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A Home seller's guide: Expert shares tips on flood disclosure

Anyone looking to sell their home after Hurricane Ian pushed water into it may have a few things that need to be disclosed.

JACKSONVILLE, Fla. — As homeowners across Florida grapple with flooding from Hurricane Ian, some may be wondering if it's time to sell.

A real estate expert says there's one thing they can't overlook - disclosures.

"Unless you're a vampire bat, and you're hanging out on the roof, you wouldn't know if you had hail damage," said Engel & Volkers Real Estate Broker Associate Cindy Tomassetti. "I had a house I sold recently that had a small area of hail damage at the peak of the roof."

Tomassetti has seen it all when it comes to buying and selling, and she knows first hand how much sellers need to keep track of.

She says if there is an obvious issue, sellers don't need to take note of it.

"Walking up this driveway, this crack right here, readily observable," said Tomassetti. "I don't need to disclose this. If my front door was missing, readily observable."

But some damage isn't readily observable, like flood damage.

That's where sellers need to be careful.

"Did the seller know about it? Does it affect the value of the house? Did the seller try to conceal it?"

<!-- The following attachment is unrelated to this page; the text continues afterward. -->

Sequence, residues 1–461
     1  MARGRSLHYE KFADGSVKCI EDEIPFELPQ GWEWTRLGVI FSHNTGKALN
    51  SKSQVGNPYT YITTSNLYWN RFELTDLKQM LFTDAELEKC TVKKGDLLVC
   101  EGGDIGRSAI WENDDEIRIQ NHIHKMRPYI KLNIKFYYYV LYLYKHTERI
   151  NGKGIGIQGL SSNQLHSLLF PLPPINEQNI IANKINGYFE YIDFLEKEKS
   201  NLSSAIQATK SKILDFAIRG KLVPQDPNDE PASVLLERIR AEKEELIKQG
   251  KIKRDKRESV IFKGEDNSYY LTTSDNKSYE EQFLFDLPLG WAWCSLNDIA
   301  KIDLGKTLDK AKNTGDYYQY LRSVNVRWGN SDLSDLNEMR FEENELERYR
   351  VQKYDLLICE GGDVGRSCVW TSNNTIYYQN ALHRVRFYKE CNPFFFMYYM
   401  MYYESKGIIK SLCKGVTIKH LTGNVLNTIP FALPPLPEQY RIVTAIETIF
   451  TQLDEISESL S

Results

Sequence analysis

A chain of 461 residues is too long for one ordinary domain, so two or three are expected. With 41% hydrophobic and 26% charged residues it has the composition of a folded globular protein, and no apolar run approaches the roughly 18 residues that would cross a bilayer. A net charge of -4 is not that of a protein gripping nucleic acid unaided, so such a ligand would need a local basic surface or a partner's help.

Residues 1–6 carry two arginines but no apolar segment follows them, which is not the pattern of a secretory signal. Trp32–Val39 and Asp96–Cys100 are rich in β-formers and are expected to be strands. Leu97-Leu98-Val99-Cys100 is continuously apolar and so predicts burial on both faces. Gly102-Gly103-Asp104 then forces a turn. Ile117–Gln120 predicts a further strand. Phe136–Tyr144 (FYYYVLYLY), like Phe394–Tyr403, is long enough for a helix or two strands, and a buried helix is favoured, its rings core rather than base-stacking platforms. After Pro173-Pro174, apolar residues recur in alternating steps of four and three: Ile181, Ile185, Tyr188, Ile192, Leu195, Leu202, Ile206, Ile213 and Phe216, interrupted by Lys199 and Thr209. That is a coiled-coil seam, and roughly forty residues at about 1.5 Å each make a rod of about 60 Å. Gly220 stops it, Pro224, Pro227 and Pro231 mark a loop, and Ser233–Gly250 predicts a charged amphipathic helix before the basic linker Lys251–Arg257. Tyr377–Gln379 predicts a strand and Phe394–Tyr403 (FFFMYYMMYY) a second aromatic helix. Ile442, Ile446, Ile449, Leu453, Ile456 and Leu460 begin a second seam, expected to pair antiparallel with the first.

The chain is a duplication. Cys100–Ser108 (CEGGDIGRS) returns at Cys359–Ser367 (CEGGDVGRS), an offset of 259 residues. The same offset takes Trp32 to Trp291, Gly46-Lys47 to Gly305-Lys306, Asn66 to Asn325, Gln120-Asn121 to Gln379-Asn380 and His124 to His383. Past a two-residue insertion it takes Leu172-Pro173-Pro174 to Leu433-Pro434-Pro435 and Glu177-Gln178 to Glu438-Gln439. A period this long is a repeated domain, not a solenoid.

Tomassetti says if the answer is yes to those questions, the seller could be liable for fraud, which could mean large fines or legal action.

For any new homeowners who weren't expecting flooding from Hurricane Ian, she says now could be a good time to check what they were told about when they signed.

"If a situation has presented itself where they don't think the seller is completely truthful, they should go back and look if there was a disclosure," said Tomassetti.

For any homeowners who may be ready to move after water made it over the front step, she says now is the time to keep track of what they're paying for.

"Did they have to get someone in to fix it? They need to disclose it," said Tomassetti. "Did they file an insurance claim? Absolutely need to disclose it."

Tomassetti says if she could make one point stick, it's to get a qualified inspector in before you buy, even if it's new construction.

That'll make the process, and potential fall out, less stressful for both sides.


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